October 19, 2016
Sir, Martin Wolf mentions that BoE’s Mark Carney, noted monetary policy has distributional consequences but “it is for broader government to offset them if they so choose”. “The unwise war against low interest rates” October 19.
The risk weighted capital requirements for banks has distributional consequences too, in this case with respect of bank credit.
For instance, a risk weight of 35% when financing residential housing, and a risk weight of 100% for loans to SMEs, helps the young to have more availability of basements in which to live with their parents, than perspectives of a new generation of jobs.
And the blatantly statist 0% risk weighting of the sovereign, skews the distribution of credit away from the private sector and towards government bureaucrats.
So the question is: Should we now try to add a new layer of non-transparent complications so as to try to offset those credit distributional consequences, or should we simply get rid of risk-weighted capital requirements altogether?
I clearly favor the latter option but, doing so, I have to continuously confront those who like Martin Wolf know, quite correctly, that a below BB- borrower is risky (150% risk weight) but, unfortunately, do not have the necessary wisdom to fathom that what’s AAA rated, and therefore only 20% risk weighted, is, or will be made by this, much more dangerous to bank systems.
Wolf also states: “Lower interest rates need not worsen pension deficits; that depends on what happens to the value of assets held by pension funds. Normally, lower interest rates should raise the latter. What would lower both real interest rates and asset prices is greater pessimism about economic prospects. Central banks do not cause such pessimism but try to offset it.”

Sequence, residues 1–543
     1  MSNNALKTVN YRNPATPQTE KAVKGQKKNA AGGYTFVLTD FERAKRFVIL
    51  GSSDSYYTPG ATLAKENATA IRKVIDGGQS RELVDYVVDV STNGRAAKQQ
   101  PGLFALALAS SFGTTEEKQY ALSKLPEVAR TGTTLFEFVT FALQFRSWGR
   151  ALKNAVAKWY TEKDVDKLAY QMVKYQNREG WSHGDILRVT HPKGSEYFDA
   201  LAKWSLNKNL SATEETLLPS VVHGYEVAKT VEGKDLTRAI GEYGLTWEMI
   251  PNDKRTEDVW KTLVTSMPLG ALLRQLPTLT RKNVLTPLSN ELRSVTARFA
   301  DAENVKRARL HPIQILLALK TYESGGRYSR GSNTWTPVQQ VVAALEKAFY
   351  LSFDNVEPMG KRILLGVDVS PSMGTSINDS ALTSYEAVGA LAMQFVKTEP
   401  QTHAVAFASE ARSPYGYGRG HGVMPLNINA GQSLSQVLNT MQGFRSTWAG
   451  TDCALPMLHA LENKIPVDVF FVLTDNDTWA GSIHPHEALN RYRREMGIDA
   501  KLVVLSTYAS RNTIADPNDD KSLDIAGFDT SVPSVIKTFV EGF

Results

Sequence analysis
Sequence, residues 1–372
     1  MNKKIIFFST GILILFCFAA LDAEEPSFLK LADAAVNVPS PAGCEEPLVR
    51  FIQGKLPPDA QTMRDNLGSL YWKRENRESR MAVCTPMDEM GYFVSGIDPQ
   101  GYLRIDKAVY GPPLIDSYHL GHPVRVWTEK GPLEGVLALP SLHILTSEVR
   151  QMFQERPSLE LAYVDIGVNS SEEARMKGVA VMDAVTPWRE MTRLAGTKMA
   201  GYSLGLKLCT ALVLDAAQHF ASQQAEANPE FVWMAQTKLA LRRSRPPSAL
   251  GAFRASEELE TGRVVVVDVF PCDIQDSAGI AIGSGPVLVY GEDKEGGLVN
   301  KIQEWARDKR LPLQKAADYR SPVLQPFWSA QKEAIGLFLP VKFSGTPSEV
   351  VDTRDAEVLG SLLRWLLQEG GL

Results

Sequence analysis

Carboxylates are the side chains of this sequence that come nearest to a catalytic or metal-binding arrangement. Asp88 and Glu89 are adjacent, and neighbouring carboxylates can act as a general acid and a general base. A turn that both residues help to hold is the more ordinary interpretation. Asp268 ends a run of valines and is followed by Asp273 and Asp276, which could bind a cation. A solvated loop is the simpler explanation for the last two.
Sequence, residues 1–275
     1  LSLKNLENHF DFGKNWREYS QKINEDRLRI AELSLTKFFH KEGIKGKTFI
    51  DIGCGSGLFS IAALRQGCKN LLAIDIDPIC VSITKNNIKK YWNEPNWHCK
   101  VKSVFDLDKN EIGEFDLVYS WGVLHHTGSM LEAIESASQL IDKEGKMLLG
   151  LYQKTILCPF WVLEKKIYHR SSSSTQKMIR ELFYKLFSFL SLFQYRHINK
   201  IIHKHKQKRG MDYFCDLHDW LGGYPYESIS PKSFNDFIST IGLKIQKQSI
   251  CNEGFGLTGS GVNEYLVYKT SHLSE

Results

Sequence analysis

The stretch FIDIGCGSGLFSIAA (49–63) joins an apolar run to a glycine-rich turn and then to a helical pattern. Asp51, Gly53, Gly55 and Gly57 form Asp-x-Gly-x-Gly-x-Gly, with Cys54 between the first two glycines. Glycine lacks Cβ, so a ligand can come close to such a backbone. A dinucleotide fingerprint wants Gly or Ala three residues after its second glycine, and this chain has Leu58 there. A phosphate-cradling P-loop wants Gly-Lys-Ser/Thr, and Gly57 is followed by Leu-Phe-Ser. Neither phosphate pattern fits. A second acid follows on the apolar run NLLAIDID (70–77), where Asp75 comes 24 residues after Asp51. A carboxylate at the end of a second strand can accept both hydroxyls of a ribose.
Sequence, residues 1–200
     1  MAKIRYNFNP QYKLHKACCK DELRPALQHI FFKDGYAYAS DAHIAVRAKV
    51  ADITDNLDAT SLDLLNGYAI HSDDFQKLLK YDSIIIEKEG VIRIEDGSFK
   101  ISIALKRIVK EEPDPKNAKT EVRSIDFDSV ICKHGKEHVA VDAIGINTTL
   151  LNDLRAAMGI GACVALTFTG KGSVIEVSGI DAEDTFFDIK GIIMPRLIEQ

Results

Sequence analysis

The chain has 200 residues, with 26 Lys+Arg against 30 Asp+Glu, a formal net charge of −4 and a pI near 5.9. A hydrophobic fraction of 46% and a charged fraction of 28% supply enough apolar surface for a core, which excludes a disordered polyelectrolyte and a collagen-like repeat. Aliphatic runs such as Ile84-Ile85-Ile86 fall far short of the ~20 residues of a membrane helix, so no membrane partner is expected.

That is so very wrong! The only moment when the value of assets held by pension funds is really important, is when these have to be sold in the market in order to access purchasing power for the pensioners. And with these risk weighted bank regulations that impede banks from financing the risky future, and have these only refinancing the safer past and present, you can bet that the future economy will not be strong enough to pay well for those assets.
Of course Wolf might think it is the bankers’ duty to overcome such regulations, but that would be to ignore completely the overriding objective of bankers which is to maximize the risk adjusted returns on equity (and their bonuses).
PS. On the issue of low interest rates, let me as a financial consultant with extensive main-street experience, remind you that few things stimulate projects to advance faster from plans into income generating realities, than high interest rates. Low interest rates feed a lot of project execution laziness into the active real economy.